KCBS Sports Fans: Pro Sports Paying The Price For Legacy Of Violence
SAN FRANCISCO (KCBS) – America’s two biggest professional sports are facing the same problem: they’ve become too violent.
It’s a real quandary for the NFL, which has marketed its brand of sanctioned mayhem for many a year. Now, the league is trying to ease away from the madness a bit, imposing heavier fines on players who deliver blows to the head. The unintended consequence may be more injuries to the knees of players as tacklers aim lower.
Baseball’s danger zone has been around home plate, where baserunners have been more and more willing to mow down catchers. The Buster Posey incident in 2011 forced a conversation about the practice of blasting into a defenseless catcher. Former catchers, like Bruce Bochy and Mike Matheny, fueled that conversation – which gained volume when Tigers catcher Alex Avila was mowed down by Red Sox runner David Ross during this year’s ALCS.
Baseball is moving forward with a rule that should drastically reduce these crashes at the plate. It’s pretty simple, really. College and high school rules already tell the umpire to call a runner “out” if he smashes into the catcher, unless the catcher is holding the ball and blocking the plate—and even then, the runner must make an effort to touch the plate.
But catchers will still face an elevated risk of concussions from foul balls. Matheny retired young because of the repeated head injuries, and nobody has truly solved this problem.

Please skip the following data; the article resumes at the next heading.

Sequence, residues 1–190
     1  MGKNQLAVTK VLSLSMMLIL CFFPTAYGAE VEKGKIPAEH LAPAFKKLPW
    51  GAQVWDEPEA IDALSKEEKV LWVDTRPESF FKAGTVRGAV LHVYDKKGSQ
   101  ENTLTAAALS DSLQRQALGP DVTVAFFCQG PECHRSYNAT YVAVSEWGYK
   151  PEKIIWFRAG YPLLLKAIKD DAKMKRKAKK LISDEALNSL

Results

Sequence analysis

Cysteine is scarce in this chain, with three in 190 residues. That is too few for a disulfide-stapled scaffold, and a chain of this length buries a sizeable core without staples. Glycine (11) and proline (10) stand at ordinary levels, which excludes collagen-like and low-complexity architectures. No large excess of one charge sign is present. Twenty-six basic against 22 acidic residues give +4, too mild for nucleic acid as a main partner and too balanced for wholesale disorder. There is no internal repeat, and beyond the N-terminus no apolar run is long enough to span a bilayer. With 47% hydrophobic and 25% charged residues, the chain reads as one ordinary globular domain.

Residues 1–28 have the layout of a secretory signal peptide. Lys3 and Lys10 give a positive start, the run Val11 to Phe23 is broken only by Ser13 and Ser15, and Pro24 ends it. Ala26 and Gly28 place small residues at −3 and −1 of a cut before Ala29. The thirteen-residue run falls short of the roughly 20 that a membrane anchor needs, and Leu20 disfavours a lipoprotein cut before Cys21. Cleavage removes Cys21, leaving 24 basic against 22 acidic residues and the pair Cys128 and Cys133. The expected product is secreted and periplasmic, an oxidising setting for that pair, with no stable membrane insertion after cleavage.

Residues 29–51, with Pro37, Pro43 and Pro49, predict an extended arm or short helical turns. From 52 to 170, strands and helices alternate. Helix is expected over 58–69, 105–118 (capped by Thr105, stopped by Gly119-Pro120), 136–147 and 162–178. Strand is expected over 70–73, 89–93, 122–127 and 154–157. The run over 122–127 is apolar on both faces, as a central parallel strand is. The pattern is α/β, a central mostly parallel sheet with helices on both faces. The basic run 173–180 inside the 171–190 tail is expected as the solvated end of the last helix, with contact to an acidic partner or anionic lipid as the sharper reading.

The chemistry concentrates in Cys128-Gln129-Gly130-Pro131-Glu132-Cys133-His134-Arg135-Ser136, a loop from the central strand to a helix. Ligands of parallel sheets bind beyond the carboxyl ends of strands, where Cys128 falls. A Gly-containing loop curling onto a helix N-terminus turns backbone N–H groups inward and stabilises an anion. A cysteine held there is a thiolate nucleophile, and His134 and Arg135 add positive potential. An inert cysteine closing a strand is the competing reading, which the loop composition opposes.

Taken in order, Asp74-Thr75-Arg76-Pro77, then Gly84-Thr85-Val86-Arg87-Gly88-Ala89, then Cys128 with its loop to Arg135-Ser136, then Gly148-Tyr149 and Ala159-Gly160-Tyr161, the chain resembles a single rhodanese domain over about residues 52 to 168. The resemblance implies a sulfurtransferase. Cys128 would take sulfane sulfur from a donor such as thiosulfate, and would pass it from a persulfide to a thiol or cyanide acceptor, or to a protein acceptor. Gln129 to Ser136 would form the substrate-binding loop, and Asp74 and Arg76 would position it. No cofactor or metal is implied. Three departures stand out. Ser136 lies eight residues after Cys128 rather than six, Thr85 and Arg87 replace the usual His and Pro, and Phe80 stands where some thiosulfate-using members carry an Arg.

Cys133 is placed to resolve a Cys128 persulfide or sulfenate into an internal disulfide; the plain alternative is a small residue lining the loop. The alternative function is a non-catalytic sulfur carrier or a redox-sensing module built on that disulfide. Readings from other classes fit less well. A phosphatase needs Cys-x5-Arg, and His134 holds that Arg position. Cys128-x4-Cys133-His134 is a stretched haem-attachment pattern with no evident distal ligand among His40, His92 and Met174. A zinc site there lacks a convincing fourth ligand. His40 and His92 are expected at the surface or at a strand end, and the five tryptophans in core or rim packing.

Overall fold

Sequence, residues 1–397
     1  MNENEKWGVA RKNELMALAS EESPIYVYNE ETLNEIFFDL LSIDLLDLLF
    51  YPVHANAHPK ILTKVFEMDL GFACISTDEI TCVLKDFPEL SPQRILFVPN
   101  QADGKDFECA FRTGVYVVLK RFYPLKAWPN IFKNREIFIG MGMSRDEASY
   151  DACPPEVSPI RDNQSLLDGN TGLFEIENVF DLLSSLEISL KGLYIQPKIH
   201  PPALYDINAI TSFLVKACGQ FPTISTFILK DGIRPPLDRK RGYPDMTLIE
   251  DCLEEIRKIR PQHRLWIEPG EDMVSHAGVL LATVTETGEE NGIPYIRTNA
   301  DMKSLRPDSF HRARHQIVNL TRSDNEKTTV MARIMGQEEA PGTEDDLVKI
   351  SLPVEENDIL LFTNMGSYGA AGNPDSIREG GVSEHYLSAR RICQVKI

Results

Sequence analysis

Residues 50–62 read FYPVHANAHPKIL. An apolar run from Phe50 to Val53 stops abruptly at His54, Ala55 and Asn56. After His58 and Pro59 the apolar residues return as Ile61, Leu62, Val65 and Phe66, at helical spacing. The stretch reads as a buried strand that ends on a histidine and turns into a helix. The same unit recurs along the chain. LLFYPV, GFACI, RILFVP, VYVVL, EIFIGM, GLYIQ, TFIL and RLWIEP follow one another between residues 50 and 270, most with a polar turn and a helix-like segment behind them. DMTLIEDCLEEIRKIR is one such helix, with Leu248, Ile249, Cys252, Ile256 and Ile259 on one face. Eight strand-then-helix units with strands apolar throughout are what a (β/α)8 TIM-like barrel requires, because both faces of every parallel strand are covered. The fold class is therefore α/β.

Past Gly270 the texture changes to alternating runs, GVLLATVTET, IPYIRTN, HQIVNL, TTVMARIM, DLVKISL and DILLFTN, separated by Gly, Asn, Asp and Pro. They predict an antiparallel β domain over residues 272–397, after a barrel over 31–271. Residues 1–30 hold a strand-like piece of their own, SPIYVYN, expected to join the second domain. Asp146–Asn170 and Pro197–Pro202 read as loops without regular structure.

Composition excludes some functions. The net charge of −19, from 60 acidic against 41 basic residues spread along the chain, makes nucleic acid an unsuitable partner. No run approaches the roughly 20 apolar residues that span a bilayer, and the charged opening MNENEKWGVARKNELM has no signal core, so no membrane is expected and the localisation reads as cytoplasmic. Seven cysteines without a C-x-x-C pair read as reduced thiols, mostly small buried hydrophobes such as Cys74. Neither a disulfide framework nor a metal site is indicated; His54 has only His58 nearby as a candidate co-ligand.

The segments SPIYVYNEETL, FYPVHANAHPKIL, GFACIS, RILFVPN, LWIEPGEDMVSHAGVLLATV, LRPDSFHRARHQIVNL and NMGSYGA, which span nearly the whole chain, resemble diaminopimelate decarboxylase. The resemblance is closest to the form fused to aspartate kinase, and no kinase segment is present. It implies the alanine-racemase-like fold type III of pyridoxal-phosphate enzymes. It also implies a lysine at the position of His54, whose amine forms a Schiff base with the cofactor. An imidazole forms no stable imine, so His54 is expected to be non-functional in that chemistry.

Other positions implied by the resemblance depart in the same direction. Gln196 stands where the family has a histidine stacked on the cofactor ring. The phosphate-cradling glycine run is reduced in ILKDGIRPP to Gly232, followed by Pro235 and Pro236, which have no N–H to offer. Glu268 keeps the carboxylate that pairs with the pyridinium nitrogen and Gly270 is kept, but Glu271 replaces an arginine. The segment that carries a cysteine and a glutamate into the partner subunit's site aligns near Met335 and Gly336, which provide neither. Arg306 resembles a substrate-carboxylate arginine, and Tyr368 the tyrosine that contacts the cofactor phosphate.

Both the NFL and MLB (and, to be honest, the NHL as well) are reaping a bitter harvest of seeds planted long ago. In glorifying “action”, these sports created an environment in which high-speed collisions and contact became ever-more-important parts of the game. Unfortunately, as players have gotten bigger, stronger and faster, the results of those collisions have become uglier, both in the short term and over the long haul.
The dilemma is this: can high-speed action sports be played more safely? Is it even possible to play football and hockey without accepting a frightening risk of head injuries? And as fans, would we accept changes to the sport that might increase the margin of safety for its players?
Would we still love football if defensive backs simply tackled receivers, rather than trying to “blow them up” and knock the ball loose? Would a hockey game without body checks be as satisfying? And what will baseball fans and pundits think the first time a play at the plate results in a slide-and-tag, rather than a collision?
How we answer these questions may well decide the future of our pro sports scene—or at least the lives of those who play those sports.
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